You Should Read More Fiction

I know that some people only read fiction. But, overall, I am convinced people should read more fiction. Over the years I have had many people I respect tell me that fiction is a waste of time. I get what they were saying. Why read a bunch of trashy romance novels when you could read an inspiring biographies or a captivating account of history?

There are many great reasons to read fiction. In these times, I wish more people would read fiction to gain greater empathy. Most of us live very compartmentalized lives. We often hang out with people of the same race, economic status, religious belief or political persuasion. This has not produced a more caring society. We are a society that has become a stranger to ourselves.

Let me give one example. In the NFL protests, many players were “taking a knee” during the national anthem to protest the injustices that African-Americans were experiencing. I heard many, many opinions about these acts of protest. One thing that stunned me was this… not one person that disagreed with them showed much curiosity. I never heard something along these lines: “I am really shocked by this act, it feels so wrong to me. I really need to ask an African-American why they feel this is the right thing to do.” There was such a glaring lack of curiosity to truly understand one another.

We need less of, “What is wrong with those people?!” and more of, “What don’t I understand about their perspective?” It is not so much about having to agree with someone.  I wish we had more curiosity which leads to empathy. Empathy is better than outrage when it comes to our disagreements.

Enter, fiction!

May I just put it forward that reading more fiction books that tell of stories, lives and worlds that are different to our own can be one small way we can bridge this divide.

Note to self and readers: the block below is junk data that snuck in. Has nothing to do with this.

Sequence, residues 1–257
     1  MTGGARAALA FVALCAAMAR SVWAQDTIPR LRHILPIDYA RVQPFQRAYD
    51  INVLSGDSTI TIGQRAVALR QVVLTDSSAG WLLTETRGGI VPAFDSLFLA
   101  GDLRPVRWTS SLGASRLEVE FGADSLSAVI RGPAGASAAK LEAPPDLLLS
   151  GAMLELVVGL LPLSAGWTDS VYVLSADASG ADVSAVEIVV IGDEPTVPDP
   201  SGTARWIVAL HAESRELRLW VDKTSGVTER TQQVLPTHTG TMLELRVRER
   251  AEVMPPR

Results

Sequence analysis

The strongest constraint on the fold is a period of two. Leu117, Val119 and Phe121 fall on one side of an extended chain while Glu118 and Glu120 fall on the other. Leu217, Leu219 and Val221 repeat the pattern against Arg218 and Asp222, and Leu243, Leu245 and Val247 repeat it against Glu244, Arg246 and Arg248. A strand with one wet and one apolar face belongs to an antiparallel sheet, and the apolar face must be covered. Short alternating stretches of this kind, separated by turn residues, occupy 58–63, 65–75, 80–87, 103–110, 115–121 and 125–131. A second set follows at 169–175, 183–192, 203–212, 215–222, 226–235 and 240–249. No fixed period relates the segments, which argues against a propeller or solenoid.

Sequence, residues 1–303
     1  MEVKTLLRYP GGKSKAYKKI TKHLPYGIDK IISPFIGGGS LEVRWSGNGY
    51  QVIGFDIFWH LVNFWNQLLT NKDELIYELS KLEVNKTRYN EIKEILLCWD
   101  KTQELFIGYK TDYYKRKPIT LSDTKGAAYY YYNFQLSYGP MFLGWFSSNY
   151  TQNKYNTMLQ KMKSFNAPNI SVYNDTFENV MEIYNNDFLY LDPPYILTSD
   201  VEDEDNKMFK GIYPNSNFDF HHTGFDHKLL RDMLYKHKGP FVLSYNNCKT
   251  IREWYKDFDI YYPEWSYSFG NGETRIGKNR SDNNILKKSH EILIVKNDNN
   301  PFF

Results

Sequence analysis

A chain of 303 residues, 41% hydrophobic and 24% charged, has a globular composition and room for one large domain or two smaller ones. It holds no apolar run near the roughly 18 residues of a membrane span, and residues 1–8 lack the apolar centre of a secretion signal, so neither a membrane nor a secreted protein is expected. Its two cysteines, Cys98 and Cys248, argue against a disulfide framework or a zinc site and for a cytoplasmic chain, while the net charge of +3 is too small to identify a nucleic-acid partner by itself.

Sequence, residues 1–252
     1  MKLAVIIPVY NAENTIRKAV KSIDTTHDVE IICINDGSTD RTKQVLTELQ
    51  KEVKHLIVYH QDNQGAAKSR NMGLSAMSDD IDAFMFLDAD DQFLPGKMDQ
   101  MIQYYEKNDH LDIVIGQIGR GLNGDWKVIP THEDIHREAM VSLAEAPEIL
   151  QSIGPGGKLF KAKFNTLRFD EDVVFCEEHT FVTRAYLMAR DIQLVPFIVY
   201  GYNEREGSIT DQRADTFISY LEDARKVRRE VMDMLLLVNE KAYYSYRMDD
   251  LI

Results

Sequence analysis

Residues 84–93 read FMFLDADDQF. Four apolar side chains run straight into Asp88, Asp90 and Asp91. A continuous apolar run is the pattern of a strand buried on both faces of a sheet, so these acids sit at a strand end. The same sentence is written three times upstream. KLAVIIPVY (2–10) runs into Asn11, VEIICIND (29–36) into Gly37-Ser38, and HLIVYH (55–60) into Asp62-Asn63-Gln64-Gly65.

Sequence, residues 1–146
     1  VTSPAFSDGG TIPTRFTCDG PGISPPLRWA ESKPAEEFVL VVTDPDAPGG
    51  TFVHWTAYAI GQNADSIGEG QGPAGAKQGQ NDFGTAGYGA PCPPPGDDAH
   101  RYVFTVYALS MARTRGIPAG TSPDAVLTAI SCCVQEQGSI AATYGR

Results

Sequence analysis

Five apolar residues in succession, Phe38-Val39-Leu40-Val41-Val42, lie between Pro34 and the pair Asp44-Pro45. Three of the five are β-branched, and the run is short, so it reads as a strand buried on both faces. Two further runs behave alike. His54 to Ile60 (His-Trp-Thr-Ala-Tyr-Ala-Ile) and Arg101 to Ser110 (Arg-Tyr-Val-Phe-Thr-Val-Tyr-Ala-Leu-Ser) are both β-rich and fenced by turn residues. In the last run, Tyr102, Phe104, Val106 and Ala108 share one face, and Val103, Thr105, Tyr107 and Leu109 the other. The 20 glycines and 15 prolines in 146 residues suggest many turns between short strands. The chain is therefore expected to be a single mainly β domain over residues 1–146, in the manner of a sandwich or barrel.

If you feel mystified or shocked at the viewpoints of another, fiction could be a great way to gain empathy and understanding. Even if you don’t agree, a good story might at least help you say, “I don’t agree but I do understand how they got there and I get it”

Here’s some recommendations from my reading in 2017:

Half of a Yellow Sun and Americanah:
by Chimamanda Ngozi Adichie

I loved Half of a Yellow Sun, the tale of a family experiencing the struggle for independence in Nigeria in the 1960’s. If you’ve heard of the many wars in Africa, this book will place you on the inside to taste, feel and experience what it is like with all it’s complexities. Great characters, great story. If you haven’t already, though, you could start with the author’s other book, Americanah. This is an absolute must read, I couldn’t put it down. It is the tale of a Nigerian couple immigrating to America. One makes it, the other doesn’t. Their journeys are captivating.

The Underground Railroad
by Colson Whitehead

This is the tale of an escaped slave girl in pre-abolition America. I loved this book because it was creative and you become very invested in the characters. The book has won multiple and well-deserved awards. Gripping, emotional and can’t put down.

The Round House
by Louise Edrich

I found this one by looking up National Book Award Winners. The setting is a Native American Reservation in North Dakota. A crime on the Ojibwe Reservation forever changes a family. This is the story of a young boys journey for justice and understanding. You will be immersed in a culture not your own. It is well worth your time.

 

Bonus:
Roll of Thunder, Hear My Cry
by Mildred D. Taylor

My 12-year-old son was assigned this book in English class. I could tell it impacted him because he brought it up day after day. I decided to join him in reading it. It is fiction but based on true accounts of the authors family life. It is not an easy read at times. You see the reality of life for African-Americans during the Great Depression. It is well written, lovely characters and can really open up some interesting conversations if you happen to read it with your child. A good book read without your child too!

 

Books I Read in 2017